Last week, we took a look at 10 unforgettable Game Boy games, so it’s only fair we explore its rival’s best titles too.
That’s right: this week, we’re celebrating Sega’s foray into the handheld-gaming world. While we can enjoy the likes of Sonic the Hedgehog on our phones and tablets today, back in the early 90s the Game Gear was your only chance to take a little Sega goodness with you wherever you went.
While the Game Gear was released as a response to Nintendo’s little grey box of wonders, and was even superior (at a technical level), Sega failed to steal their competitor’s hold on the handheld market. They discontinued the console in 1997, but it still has its fans even today. And why shouldn’t it? You could actually watch TV on this bad boy – a mind-bending prospect back then. Of course, we’re all used to watching TV wherever we like now thanks to the miracle of apps, but Sega really did innovate with this console.
Anyway, the key function of the Game Gear wasn’t about watching Neighbours in the bath or late-night movies under the covers – it was gaming!
So, let’s check out the 10 best titles released for Sega’s beloved handheld system …
Streets of Rage II
This stripped-back port of the Genesis / Mega Drive classic played surprisingly well on the Game Gear.
With no Max, no health bars or names for standard enemies, and decidedly less-cool music, SORII offers less value for money than the console version. However, the action is still fast-paced, the environments and sprites are still recognisable, and beating thugs until they flicker into nothingness feels just as fun.
Another home-console classic that made the jump to the Game Gear.
Road Rash’s handheld port is still impressive today, considering its age and limited hardware. Everything you love about the original is here, with colourful graphics, in-motion fighting, and delightful music.
Sega’s iconic ninja kicks butt on the small screen in GG Shinobi. There’s lots to enjoy here, including dynamic environments, fast-paced gameplay, and fiendish level-design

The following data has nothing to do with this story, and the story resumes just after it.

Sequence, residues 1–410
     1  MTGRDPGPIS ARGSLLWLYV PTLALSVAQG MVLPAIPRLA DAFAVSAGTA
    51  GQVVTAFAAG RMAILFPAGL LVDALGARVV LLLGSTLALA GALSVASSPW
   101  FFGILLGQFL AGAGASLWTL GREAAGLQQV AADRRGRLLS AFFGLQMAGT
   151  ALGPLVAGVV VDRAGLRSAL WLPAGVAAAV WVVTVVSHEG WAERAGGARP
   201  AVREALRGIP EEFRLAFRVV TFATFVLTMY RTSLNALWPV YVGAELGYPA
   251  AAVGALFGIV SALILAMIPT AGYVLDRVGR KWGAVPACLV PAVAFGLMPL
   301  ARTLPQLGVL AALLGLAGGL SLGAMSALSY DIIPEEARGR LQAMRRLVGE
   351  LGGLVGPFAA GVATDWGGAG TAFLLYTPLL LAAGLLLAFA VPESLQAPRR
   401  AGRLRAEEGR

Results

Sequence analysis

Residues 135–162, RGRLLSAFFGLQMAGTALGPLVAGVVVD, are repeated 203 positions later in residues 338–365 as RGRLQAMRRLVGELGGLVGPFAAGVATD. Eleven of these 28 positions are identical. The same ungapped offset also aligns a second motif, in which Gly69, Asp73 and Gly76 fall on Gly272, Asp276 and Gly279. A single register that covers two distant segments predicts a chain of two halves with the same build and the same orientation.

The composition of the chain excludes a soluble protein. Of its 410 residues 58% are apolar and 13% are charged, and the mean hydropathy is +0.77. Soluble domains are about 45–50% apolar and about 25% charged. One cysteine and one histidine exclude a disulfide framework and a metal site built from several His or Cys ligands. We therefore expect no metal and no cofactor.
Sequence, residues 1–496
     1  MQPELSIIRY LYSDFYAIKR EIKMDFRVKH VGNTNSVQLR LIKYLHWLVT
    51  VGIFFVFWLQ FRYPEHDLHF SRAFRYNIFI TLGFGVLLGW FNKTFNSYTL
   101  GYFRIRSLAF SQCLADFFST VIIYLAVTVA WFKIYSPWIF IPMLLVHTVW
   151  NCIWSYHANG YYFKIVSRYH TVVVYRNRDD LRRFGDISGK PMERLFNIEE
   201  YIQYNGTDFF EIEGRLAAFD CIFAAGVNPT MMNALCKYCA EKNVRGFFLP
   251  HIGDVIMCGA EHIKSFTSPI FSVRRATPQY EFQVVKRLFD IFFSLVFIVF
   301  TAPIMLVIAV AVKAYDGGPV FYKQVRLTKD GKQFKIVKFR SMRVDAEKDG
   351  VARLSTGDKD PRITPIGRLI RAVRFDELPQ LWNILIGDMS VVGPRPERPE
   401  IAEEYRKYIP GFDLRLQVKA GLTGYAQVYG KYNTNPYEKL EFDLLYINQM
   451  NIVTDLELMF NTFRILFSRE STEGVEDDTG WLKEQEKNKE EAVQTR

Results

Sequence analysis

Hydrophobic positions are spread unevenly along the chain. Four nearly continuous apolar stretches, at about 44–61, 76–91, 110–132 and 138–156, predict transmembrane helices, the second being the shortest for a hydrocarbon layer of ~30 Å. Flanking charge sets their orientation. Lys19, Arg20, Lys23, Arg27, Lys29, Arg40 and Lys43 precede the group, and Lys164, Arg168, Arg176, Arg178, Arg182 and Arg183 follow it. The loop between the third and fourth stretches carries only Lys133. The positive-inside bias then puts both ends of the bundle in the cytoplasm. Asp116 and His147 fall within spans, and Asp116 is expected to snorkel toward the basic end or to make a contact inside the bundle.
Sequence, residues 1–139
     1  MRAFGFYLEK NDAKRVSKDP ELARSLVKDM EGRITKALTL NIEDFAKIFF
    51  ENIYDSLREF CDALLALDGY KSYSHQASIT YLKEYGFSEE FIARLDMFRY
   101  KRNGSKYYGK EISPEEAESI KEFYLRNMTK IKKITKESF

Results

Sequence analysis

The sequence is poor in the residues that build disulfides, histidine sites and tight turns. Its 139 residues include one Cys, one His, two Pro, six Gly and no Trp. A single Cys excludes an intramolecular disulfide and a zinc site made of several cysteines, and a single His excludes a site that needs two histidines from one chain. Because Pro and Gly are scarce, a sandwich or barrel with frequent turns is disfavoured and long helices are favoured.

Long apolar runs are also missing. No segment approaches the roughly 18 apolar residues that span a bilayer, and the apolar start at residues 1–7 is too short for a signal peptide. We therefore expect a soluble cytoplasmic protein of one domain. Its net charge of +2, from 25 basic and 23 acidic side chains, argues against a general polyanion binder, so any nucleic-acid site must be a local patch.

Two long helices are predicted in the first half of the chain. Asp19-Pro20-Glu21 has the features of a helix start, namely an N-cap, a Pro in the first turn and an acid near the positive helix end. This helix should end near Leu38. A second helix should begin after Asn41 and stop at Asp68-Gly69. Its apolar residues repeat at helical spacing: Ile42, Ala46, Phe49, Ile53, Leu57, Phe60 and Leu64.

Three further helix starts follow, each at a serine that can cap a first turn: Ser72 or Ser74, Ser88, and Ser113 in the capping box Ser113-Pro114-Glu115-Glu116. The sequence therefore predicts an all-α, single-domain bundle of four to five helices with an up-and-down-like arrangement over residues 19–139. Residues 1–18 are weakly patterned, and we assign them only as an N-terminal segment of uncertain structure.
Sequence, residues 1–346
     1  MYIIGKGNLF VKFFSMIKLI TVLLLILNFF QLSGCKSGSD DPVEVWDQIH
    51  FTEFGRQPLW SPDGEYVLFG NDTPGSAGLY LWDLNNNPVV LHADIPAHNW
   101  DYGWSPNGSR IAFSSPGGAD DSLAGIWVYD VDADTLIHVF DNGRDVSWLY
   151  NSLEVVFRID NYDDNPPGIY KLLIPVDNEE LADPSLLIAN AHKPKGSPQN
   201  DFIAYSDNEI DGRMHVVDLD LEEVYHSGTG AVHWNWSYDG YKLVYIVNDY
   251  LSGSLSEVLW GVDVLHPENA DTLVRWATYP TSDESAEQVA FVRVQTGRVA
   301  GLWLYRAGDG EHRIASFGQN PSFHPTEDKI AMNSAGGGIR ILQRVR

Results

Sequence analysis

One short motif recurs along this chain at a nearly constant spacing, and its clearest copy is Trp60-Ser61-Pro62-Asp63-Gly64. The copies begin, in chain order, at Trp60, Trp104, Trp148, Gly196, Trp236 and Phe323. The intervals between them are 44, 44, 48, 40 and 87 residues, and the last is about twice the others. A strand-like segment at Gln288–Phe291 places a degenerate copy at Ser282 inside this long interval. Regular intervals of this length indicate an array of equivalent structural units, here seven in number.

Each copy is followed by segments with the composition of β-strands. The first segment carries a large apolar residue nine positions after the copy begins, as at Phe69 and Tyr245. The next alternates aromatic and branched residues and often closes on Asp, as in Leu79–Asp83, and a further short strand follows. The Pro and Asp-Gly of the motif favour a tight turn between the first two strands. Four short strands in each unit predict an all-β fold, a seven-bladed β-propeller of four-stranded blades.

Perhaps most impressive, though, is the ability to control other ninjas. Each has their own skills and weapon, making for a more diverse experience than standard Shinobi games.
Gunstar Heroes is one of the most fondly-remembered 90s games, and the Game Gear version is a worthy accompaniment to the Genesis classic.
While this smaller port might lack the multiplayer function and the visuals are less impressive, this is still a terrific achievement.
Wonder Boy III: The Dragon’s Trap
Sega’s premier shape-shifter starred in this Game Gear classic. As a fairly straightforward port of the Master System version, this features gorgeous graphics that pop with colour and dynamism.
There are plenty of diverse environments to explore, and creatures to transform into. Ploughing through stages as a fire-breathing dragon, a sword-wielding lion, or a piranha is as fun as it sounds, and there’s plenty of action to be had.
While the Game Boy delivered hours of puzzle-based fun with Tetris, the Game Gear did the same with Columns.
This block-centric classic is a joy to play. Adorable music, vibrant colours, and that all-important “just one more go!” factor combine to make this one of the Game Gear’s strongest titles. It was also the perfect game for the portable system, ideal to pass a few minutes here or there, unlike longer, more complex titles.
This top-down adventure-RPG is based around exploration, combat, and awesome music.
Players explore a huge maze of a forest, filled with all manner of enemies, all the while being followed by an enormous egg. As you fight and level up, the egg hatches – revealing a dragon (spoiler)! This then grows and evolves with you, actually becoming bigger and bigger throughout the adventure.
There’s a pretty big world to explore, and lots of different enemies to fight too.
Land of Illusion Starring Mickey Mouse
This 2D platformer, starring Disney’s iconic mouse, is an incredible achievement. Not only is the gameplay fun and addictive, the game’s lifespan is a real treat: you can explore stages even after beating the last boss, to find as many hidden bonuses as you can.
Even today, the game’s visuals impress, and the world feels true to the Disney sensibility. Land of Illusion borrows elements from Mario and Sonic to great effect, but always feels like its own game rather than a mish-mash or clone. Definitely one to try again.
Prince of Persia
While Prince of Persia might be pretty frustrating, tasking you with completing it in less than an hour, it’s still a classic. Sure, experts and the supremely-gifted might be able to whizz through it in no time, but for newcomers, it’s a Herculean feat.
This Game Gear version is a port of the Master System release, but its distinctive visual style translates to the smaller screen beautifully. Just check out those flaming sconces!
Sonic the Hedgehog 2
Sonic 2 for the Game Gear is a port of the Master System release, and is totally different to the 16-bit version we all know so well.
This is known for having more challenge, due to the smaller screen, and also presents both good and bad endings depending on your actions. Mine carts and hang gliders help to make the gameplay here more distinctive and diverse than in some other versions (though the 16-bit version also had that incredible plane stage, and the 3D bonus areas, so it all evens out).
What are your favourite Sega Game Gear games? Let us know!